Oakland Protesters’ Views on Police Reform Vary by Age

OAKLAND, Calif. (CN) — Conversations with protesters at a demonstration against police brutality and racism in Oakland, California, Tuesday revealed divergent views among older and younger participants on what police reform should look like and the best strategy for achieving results.

More than 100 demonstrators lined up across 8th Street and Broadway in Oakland Tuesday night. They faced a line of police officers who maintained a one-block perimeter around the city’s police headquarters at 455 7th Street.

Rick McCracken, a 68-year-old Oakland resident, said the scene was worlds away from the chaos he witnessed at a demonstration in Oakland Friday night when people broke windows and looted stores. A security guard was also shot dead that night outside the Ronald V. Dellums Federal Building in Oakland.

McCracken said he thinks peaceful protests are more effective at bringing about change.

“If people could just sit down in the streets and peacefully protest, that’s how we’ll win,” said McCracken, a white man who recalled his time protesting against the Vietnam War in the 1960s and ‘70s.

Nia, a 22-year-old black college student who declined to give her last name, argued that a more radical approach and physical action is often required to bring about change.

“Slavery got abolished with a war,” she said.

People like President Donald Trump who have criticized protesters for destroying property do not understand her pain or the fear she feels every time her younger cousin walks outside, Nia said. She worries that her cousin will be targeted by police because of his skin color.

“He can’t take our pain,” Nia said of the president. “He’s not in our shoes.”

Addressing criticism that property destruction is counterproductive to the movement, Nia insisted “it doesn’t matter” if a Target store has its windows broken because corporations are entities that “uphold oppression” in our society.

Several other young people called for defunding police departments and redirecting that money into programs aimed at addressing the root causes of crime.

Matt, a 31-year-old Oakland resident who declined to give his last name, believes billions of dollars that go toward “militarizing” police departments each year should instead go toward mental health treatment, reducing poverty and food insecurity and providing housing and education.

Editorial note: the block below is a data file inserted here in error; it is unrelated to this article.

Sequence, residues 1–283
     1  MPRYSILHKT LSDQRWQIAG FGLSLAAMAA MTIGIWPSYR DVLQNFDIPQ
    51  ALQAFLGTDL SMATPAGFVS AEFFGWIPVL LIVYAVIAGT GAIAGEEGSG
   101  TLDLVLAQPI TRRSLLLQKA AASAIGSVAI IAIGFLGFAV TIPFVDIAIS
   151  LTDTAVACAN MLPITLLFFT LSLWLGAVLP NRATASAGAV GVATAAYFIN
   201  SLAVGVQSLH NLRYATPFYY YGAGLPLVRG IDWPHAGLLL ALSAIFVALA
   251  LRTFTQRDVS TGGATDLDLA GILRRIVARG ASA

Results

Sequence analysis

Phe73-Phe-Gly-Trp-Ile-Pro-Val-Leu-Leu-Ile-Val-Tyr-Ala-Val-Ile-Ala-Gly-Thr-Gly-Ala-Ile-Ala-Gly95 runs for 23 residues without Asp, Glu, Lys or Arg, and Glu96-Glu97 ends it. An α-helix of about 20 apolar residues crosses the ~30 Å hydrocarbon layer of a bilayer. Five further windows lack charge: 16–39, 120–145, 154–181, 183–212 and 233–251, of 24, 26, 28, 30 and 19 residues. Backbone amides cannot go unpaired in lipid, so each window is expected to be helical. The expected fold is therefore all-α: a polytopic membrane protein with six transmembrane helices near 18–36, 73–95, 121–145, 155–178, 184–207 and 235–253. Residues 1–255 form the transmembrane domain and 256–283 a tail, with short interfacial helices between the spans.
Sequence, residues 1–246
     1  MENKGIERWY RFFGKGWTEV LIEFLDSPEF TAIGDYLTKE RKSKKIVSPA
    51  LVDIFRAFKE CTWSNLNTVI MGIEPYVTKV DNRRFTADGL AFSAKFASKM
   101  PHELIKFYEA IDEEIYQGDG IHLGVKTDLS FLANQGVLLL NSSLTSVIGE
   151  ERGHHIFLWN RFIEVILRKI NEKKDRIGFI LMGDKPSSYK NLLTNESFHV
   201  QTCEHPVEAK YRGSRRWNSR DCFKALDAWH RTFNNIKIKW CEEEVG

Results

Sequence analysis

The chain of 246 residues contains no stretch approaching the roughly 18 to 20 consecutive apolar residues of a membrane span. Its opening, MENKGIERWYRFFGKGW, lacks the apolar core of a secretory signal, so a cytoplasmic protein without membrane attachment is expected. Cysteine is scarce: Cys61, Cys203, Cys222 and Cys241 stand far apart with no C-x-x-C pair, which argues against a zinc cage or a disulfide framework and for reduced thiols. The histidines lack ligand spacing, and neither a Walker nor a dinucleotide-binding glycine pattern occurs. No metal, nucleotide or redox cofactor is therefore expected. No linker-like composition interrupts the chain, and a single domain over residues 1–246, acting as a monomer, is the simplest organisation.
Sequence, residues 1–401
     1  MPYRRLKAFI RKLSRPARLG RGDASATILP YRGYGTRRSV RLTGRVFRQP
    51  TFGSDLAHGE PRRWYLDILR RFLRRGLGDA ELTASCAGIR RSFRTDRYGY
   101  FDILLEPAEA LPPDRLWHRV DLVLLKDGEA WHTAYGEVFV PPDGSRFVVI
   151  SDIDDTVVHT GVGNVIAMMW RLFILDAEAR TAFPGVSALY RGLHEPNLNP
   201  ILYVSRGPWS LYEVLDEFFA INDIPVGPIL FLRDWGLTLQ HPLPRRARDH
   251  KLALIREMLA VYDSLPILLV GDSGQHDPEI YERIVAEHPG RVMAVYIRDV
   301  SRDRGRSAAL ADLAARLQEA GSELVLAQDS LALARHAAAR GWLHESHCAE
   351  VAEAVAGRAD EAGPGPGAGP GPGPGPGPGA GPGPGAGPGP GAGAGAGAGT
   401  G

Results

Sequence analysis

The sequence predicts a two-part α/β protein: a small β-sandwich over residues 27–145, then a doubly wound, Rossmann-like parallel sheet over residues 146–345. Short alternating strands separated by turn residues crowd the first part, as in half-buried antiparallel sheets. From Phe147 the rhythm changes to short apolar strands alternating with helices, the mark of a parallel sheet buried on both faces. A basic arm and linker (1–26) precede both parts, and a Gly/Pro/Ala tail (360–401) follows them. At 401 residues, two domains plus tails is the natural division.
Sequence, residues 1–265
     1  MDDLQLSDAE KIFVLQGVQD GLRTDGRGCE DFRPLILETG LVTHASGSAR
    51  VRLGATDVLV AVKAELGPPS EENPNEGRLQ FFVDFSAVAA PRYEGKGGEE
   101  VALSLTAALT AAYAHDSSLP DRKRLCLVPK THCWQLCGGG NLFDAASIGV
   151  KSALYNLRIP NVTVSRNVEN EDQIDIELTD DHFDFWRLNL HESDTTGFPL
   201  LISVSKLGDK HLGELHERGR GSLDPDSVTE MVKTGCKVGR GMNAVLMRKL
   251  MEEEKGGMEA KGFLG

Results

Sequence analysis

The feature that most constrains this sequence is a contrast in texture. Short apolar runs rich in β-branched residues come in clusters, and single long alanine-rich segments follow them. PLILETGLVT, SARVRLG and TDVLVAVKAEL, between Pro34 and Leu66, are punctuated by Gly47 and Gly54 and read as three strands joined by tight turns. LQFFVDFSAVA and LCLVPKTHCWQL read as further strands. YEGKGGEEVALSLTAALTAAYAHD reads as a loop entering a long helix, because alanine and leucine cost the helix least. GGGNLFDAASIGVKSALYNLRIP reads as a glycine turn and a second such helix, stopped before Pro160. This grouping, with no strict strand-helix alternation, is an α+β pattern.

“We do not need to be funding the militarization of police,” Matt said. “There’s far too much of that and far too little community engagement.”

Both older and younger demonstrators shared a passionate desire to end racism in policing and hold officers accountable for excessive force, but those who have lived longer tended to be less keen on pulling funding from law enforcement.

“We need the police, but it has to be a police force that’s not biased and protects people equally,” said Maggie Lennon, 64, of Oakland.

Lennon said she was impressed by and inspired by young people who have taken to the streets to demand change after a 46-year-old black man, George Floyd, died in police custody on May 25. A video of since-fired and arrested Minneapolis police officer Derek Chauvin kneeling on Floyd’s neck for more than eight minutes has set off a wave of protests across the nation.

“It’s wonderful to see courageous young people fighting for a cause against racism,” Lennon said. “They are so brave.”

Lennon attended the protest with Lynn Smith, a 64-year-old black man and Oakland resident who grew up in Stockton. Smith said he thinks the protests would die down if prosecutors in Minneapolis would file charges against three officers who stood by while their colleague pressed his knee into Floyd’s neck for eight minutes and 46 seconds.

“If they would arrest those other officers, a lot of this would die down,” Smith said.

Smith said those officers should be charged with accessory to murder.

Pat Grandt, a 36-year-old Oakland resident who grew up in Chicago, said he wants to see police officers held accountable when they harm people without just cause.

“If a police officer assaults a citizen, they should be held to the same standard as citizens,” Grandt said.

Grandt rejected the opposing view of those who say added restrictions will make it harder for police officers to perform their duty and enforce the law.

“I think the police can do their jobs within the law,” he said. “They could restrain citizens without tasing them, without kneeling on their necks and without beating them.”

As an Alameda County-imposed 8 p.m. curfew approached on Tuesday night, a few dozen demonstrators continued to protest at 8th Street and Broadway, where Oakland police officers had fired tear gas and arrested about 40 protesters the previous night. 

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